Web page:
Chinese importers have stopped buying Canadian canola seed: Industry group

Canola seed exporters say Chinese importers are currently unwilling to purchase their product

Canola seed exporters report Chinese companies — one of their major markets — have stopped buying their product, according to an industry group.

The ongoing trade dispute that started earlier this month when China revoked the permit of a major Canadian exporter is also causing woes for canola farmers, grappling with lower prices and delayed shipments.

Canola seed exporters have told the Canola Council of Canada that Chinese importers are currently unwilling to purchase their product, the group said in a statement released Thursday. Companies that are members of the council include Viterra Inc., Louis Dreyfus Company, Cargill Ltd. and Parrish & Heimbecker Ltd.

The reports come weeks after China’s foreign ministry blocked imports from one of Canada’s largest grain producers, Richardson International Ltd., citing fears of insect infestation.

At the time, some suggested the move was retaliation for Canada’s arrest of a top Chinese tech executive. In December, Canadian authorities arrested Huawei Technologies Co. Inc. senior executive Meng Wanzhou in Vancouver at the behest of the United States.

There was some initial optimism that Chinese concerns with canola trade could be resolved quickly, the industry group said, and it’s disappointed that did not happen.

Canada exports about 40 per cent of its canola seed, oil and meal to China with canola seed exports to the country being worth $2.7 billion in 2018, according to the council.

“Under the circumstances, Canadian canola seed exporters who normally ship to China have no alternative but to supply customers in other countries who value high quality Canadian canola,” said Jim Everson, the council’s president, in a statement.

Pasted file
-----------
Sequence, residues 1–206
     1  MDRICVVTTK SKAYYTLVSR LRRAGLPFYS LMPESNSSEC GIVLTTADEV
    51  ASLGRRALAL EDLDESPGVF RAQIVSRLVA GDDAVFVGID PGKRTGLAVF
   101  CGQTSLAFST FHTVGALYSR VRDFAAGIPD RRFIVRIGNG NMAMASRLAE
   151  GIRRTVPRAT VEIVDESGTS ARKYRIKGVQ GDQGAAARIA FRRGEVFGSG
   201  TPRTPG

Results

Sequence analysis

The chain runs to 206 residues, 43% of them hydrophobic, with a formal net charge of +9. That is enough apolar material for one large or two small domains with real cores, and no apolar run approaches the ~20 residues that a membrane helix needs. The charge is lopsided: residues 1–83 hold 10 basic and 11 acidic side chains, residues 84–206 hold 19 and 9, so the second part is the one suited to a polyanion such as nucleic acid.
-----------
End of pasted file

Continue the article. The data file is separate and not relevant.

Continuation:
It has also created problems for farmers.

David Reid, 42, is a partner at the family farm he grew up on in Cremona, Alta. — about 90 kilometres northwest of Calgary. Canola accounts for about 30 per cent of what the farm produces now.

The farm sells to a company that exports the product to other places, like China, but after Richardson’s permit was revoked Reid said shipments slowed and he saw an immediate price drop for his product.

Prices fell by a dollar a bushel, he said, which he estimated to be a 12 per cent fall.

The price of the commodity also fell in futures contract trading since Wanzhou’s arrest. The May canola futures contract was trading at $458.30 per tonne Friday afternoon — down nearly 2.2 per cent.

Reid is now holding on to more of his product in hopes the price will rise.

“We don’t know how long we might have to wait for the price to increase,” he said, adding that while it’s possible to store the product for a long time, bin space will become an issue by the fall when he’ll need the space for the next canola crop.

He has already sold some product at the lower price, which hurts his bottom line.

“Everybody’s feeling it for sure,” he said of other canola farmers he knows.

Aleksandra Sagan, The Canadian Press

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